DOH: Premature to declare community transmission of UK COVID-19 variant in PH

Angela Coloma, ABS-CBN News

Posted at Jan 23 2021 12:14 PM

Color-enhanced scanning electron micrograph of a cell infected with SARS-CoV-2 particles, isolated from a patient sample. SARS-CoV-2 virus particles are the small, roughly-spherical structures, found on the surface of the cell, which is exhibiting elongated, rod-shaped cell projections. Image captured at the NIAID Research Facility (IRF) in fort Detrick, Maryland. NIAID

MANILA - It is premature to say if there is already community transmission of the new and more transmissible COVID-19 variant in the Philippines, experts and health officials said Saturday, even as new cases of the strain were recorded among those with no travel history. 

In an online press briefing, Research Institute for Tropical Medicine director Dr. Celia Carlos said it is “premature” to conclude that there is local transmission following the confirmation of 16 more cases of the new variant. 

Carlos said there are standards laid down by experts to determine if there has been local transmission, but added have to wait for the results of the investigation. 

"Considering that investigation is ongoing it may be premature to say whether there’s an ongoing community transmission," Carlos said. 

Among the standards, Carlos said, is the detection of a large number of cases not linkable through transmission chains, a large number of cases from several sides "if there is an existing surveillance," and multiple unrelated clusters in several areas of the country.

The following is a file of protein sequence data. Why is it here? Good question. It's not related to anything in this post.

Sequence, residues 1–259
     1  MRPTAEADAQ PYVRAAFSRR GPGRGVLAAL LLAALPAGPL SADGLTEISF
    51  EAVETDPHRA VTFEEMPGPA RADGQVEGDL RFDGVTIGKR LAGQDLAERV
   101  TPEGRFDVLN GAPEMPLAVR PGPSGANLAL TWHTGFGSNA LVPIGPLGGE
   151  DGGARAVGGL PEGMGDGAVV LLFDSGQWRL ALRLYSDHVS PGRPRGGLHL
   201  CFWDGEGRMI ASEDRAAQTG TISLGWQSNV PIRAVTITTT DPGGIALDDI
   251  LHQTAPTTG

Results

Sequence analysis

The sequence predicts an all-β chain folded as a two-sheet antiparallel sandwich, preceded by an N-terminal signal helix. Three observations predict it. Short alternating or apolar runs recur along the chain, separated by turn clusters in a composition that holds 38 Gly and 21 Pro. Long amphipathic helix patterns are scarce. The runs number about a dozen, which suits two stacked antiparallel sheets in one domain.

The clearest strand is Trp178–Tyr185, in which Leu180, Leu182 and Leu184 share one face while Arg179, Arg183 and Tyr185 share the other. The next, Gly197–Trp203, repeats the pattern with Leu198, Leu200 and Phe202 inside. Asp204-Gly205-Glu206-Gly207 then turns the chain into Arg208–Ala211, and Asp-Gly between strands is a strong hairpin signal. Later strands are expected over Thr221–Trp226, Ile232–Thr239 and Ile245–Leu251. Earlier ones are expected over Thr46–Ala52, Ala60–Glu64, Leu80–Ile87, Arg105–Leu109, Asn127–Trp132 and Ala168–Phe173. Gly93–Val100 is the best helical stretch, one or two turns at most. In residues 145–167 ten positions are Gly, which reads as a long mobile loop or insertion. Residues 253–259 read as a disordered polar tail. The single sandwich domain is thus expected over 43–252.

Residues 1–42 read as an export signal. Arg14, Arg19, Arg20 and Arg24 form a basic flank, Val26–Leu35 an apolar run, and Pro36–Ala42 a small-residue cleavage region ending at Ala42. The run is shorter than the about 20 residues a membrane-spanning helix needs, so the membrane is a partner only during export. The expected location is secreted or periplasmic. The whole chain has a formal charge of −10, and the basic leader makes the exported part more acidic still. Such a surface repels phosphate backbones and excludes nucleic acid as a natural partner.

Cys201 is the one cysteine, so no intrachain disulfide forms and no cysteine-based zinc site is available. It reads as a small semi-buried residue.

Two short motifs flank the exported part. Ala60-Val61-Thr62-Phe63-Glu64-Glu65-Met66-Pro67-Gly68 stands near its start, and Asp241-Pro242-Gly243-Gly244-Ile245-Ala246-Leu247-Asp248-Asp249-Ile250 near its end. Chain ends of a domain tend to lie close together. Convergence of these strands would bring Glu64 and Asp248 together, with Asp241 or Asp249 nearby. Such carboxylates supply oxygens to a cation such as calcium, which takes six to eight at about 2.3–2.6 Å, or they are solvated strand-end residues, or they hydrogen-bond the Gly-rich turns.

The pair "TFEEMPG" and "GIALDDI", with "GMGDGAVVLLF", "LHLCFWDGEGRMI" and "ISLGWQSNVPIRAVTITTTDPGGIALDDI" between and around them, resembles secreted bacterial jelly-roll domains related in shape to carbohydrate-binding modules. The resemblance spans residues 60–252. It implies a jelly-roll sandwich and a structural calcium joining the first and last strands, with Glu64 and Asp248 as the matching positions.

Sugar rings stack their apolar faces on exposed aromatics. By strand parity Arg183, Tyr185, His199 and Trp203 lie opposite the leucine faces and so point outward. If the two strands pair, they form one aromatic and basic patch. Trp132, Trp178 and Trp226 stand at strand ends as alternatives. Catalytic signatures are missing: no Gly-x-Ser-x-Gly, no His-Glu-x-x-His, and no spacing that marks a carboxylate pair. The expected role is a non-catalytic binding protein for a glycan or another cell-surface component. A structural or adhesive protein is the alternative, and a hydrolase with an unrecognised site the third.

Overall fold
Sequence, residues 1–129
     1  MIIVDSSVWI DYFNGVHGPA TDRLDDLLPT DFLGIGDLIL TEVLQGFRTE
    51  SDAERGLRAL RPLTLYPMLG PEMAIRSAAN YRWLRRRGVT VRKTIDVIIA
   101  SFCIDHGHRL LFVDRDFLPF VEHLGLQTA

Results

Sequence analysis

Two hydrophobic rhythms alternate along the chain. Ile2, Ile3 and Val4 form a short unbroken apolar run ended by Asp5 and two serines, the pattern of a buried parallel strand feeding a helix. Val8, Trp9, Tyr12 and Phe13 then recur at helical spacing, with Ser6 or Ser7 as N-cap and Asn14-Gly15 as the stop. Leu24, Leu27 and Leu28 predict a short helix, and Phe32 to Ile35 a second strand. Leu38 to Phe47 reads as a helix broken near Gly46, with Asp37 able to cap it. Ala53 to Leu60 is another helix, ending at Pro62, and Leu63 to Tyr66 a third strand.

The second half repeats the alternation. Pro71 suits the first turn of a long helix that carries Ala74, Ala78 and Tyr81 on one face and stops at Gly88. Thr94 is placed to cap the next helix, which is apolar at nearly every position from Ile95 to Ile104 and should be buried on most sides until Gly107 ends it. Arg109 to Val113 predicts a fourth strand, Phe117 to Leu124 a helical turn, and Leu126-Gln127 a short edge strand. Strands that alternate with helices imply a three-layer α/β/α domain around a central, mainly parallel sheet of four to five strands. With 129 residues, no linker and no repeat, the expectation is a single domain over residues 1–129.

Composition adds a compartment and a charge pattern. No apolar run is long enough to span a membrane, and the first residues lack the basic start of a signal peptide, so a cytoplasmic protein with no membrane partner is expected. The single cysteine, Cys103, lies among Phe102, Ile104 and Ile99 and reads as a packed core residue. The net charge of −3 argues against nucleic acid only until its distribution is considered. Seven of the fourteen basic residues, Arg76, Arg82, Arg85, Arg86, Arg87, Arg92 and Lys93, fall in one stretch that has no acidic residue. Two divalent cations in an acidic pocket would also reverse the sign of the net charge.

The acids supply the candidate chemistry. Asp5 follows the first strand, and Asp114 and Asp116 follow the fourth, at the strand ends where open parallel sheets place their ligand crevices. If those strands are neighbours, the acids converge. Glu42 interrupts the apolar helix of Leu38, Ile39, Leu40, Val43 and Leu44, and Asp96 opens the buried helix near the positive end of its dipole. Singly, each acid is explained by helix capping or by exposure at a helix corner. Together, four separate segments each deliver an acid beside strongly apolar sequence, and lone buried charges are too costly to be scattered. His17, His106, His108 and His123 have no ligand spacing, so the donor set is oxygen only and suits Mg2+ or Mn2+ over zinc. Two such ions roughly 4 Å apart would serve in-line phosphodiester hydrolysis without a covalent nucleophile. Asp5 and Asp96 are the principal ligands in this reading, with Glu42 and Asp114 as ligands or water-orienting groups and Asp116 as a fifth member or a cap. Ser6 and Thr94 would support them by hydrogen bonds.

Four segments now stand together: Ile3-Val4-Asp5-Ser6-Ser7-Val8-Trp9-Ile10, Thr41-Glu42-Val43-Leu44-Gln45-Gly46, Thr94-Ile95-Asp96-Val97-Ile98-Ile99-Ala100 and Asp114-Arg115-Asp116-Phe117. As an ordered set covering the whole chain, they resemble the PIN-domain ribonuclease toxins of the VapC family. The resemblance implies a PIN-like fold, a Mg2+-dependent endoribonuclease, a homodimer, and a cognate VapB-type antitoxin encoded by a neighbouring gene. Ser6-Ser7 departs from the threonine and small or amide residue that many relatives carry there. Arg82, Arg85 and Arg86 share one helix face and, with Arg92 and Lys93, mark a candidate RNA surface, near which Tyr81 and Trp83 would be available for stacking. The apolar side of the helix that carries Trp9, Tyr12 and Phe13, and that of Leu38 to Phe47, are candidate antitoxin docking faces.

Dr. Edsel Salvana, a member of the Department of Health's Technical Advisory Group, agreed, saying: "Right now there is no evidence of that (community transmission) dahil mayroon tayong isang cluster lang at alam natin na magkaka-related sila (and we know they are all related) and we have to find one person na common source."

The DOH Friday night had announced that there were 16 new cases of the variant in the country, raising the total to 17. Twelve of the cases came from 2 barangays in Bontoc, Mountain Province, two among those who had taken a flight from Lebanon, and 1 each from Benguet and Laguna. 

This is apart from the QC resident who tested positive for the variant after arriving from Dubai with his girlfriend on January 7- the first confirmed case of the variant which had first spread in the United Kingdom. 

The specimen from the patient in Laguna, a 23-year-old male, was collected on December 10. Salvana said this was part of samples "that were already archived" and backtracked by health authorities after it was announced that a new variant was detected in the UK. 

On that date, it had not been considered as the UK variant, Salvana said. Some COVID-19 samples were found to have carried the new variant as early as September in the United Kingdom.

"This person probably entered the country dala niya 'yung UK variant, pero hindi pa identified na UK variant 'yon. Hindi pa naa-announce na ito ang problema. But, part of our due diligence was to look back. Pero aside from that, wala from anywhere else," Salvana said, noting that most of the cases came from one cluster. 

(This person probably entered the country, carrying the UK variant. But it has not been identified as the UK variant. It has not been announced that this was the problem. But part of our due diligence was to look back. But aside from that, there is none from anywhere else.) 

Salvana added that local health authorities have probably detected the strain earlier than the United Kingdom, saying local genome surveillance has been "doing its job."

"The fact that we detected it early and also ito lang ang nakita sa December (this was what was detected from December)... We might have actually detected it even earlier than the UK because September sila nagkaroon at December na-detect (they had a case in September but it was detected in December). Time lang natin is a month. And now with the new cluster, it's even less than that," Salvana said.